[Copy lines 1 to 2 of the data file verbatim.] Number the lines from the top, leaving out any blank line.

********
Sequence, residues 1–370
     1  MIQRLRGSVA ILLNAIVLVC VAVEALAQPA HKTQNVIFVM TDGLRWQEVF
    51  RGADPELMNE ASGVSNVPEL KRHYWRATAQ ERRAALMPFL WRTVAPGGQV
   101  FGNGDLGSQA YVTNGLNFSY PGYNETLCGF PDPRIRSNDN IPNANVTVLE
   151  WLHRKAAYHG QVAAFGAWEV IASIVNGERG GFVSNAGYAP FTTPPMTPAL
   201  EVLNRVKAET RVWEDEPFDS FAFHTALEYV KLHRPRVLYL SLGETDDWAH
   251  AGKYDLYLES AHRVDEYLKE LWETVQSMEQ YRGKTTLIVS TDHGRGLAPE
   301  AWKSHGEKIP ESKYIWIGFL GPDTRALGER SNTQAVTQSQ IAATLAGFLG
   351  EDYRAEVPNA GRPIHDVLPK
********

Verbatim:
Sequence, residues 1–370
     1  MIQRLRGSVA ILLNAIVLVC VAVEALAQPA HKTQNVIFVM TDGLRWQEVF